G4YSS: GM/NS-065 - Creag Mhor & WAB NC72, 10-05-17

G4YSS: Activation of CREAG MHOR - GM/NS-065, 10-05-17
Draft-1. Subject to minor changes & corrections

CREAG MHOR - GM/NS-065 - 4 points
With WAB Squares NC62 & NC72 & Trig Point TP-2561
GM4YSS/P and SSEG Clubcall GS0OOO/P
HF - QRO on 40m-20m-80m-160m & 2m-FM QRP
All times: BST (UTC plus 1hr, UOS as ‘z’)

First SOTA in the May 2017 series of three: GM/NS-065 Creag Mhor; GM/NS-038 Cranstackie and GM/NS-107 Ben Horn, based at the Dornoch Hotel.

FT817ND HF/VHF/UHF 5W Transceiver
MX-P50M, 50 Watt HF Linear Amplifier
Link dipole for 80m thru’ 20m on a 5m CFC mast with 1m end-sticks
home-brew tunable loading coils for 160m
5 Ah Li-Po battery
J-Pole for 2m FM on 1m ‘pink’ carbon stick

2.2 Ah Li-Po battery (used for 160/ 80m & WAB NC72)
Baofeng; 2W VHFM/ UHFM, 130gm H/H (used as 160m back channel only)
QRO pack: 10kg (22 pounds) including food, Primaloft jacket & 1.25 litre drinks.

This was the first SOTA activation of this year’s trip to GM/NS and the main reason for going there. We booked a 7-night holiday at the Dornoch Hotel from 8th to 15th of May 2017, at the modest cost of 441 GBP. This was a present from my XYL and our 6th visit to Dornoch. Along with Gairloch, the hotel has been sold by Shearings and is currently in the hands of a holding company called Bespoke. Strathpeffer may follow soon.

The last time we were at Dornoch, in May 2015, it was to activate Ben Armine GM/NS-069. That was a big multi-band activation and due to hotel meal times, it left no time to add NS65 Creag Mhor, although I did put on rare WAB square NC72 on the walk back.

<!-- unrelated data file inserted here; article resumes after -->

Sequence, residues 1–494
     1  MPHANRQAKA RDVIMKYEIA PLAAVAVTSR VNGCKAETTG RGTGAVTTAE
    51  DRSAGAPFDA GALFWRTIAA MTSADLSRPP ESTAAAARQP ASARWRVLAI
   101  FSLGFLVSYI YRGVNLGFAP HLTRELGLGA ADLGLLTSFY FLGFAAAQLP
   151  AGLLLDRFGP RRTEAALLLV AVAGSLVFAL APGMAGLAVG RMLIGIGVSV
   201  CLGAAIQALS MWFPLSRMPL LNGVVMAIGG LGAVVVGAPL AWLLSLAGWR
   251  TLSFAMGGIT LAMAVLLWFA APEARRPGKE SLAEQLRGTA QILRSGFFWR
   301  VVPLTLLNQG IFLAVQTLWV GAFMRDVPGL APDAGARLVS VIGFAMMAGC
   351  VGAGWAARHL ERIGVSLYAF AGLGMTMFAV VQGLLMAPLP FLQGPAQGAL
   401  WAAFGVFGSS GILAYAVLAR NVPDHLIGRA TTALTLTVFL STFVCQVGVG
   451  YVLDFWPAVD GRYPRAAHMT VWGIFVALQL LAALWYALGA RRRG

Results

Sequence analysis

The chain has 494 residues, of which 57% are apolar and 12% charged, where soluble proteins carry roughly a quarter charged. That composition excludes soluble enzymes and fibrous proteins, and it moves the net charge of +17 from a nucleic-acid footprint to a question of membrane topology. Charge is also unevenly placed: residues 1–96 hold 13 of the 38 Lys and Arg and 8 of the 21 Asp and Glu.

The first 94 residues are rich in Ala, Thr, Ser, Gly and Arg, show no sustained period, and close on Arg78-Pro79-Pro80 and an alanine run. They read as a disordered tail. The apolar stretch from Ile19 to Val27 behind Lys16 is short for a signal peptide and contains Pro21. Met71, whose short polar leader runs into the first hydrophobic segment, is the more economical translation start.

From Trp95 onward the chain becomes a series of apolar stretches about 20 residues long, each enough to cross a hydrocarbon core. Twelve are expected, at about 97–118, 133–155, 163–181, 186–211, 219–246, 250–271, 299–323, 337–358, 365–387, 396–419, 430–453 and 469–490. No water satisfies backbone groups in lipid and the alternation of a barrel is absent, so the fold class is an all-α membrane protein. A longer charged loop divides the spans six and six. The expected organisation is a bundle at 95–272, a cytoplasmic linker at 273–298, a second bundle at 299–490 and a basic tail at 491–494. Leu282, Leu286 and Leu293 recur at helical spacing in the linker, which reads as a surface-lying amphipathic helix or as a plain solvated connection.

The activation was made possible with permission from the Badanloch and Loch Choire estate managers to drive down the track that runs across two estates from the B871, saving a walking or cycling distance of 2 x 8.4 miles. This permission will likely not be granted in the autumn due to deer stalking operations. I would still have to walk nearly 20km but this was the only way I was going to take this on. A bike could be used but a bike rack cannot be fitted to a Citroen C4 Picasso.

After a 409-mile drive from Scarborough on Monday the 8th of May, a rest day was required. The 9th was sunny from dawn until dusk, therefore not much good for hill walking anyway. That evening’s NW Highlands Mountain forecast was for 0 to 4C, 10mph wind and a risk of drizzle. Sutherland should however, be a bit warmer.

I arranged for a basic breakfast at 06:00, supplied by the night porter and was away for 06:20. The drive north via the A9, cutting through Glen Loth (a slow & narrow road) to join the A897 and later the B871, took a total of an hour and 10 minutes to the start of the private dirt road which leaves the B871 at NC 8014 3301. From there it took a further twenty minutes of slow progress to reach the roadside quarry; the landowner’s indicated parking spot, at NC 6853 3103. This is 8.4 miles down the track in a westerly direction and close to the start of the stalker path that I would be using.

Just before arriving, I met the Loch Choire estate manager and his wife in a 4WD. They recognized the car. Neil & Sue were on their way to check how many lambs had been born overnight and whether any had been attacked by a fox which had been seen in the area.

We had a chat for ten minutes during which ticks were mentioned. ‘They’re everywhere.’ ‘Use close fitting clothing and inspect carefully when you get back.’ ‘Avoid bracken and it’s best not to sit down in grass.’ The latter is mostly what SOTA is about so we must rate as easy targets. I was told of three local people with Lyme Disease, who they knew of. If I’ve had one tick in the past I must have had a score or more.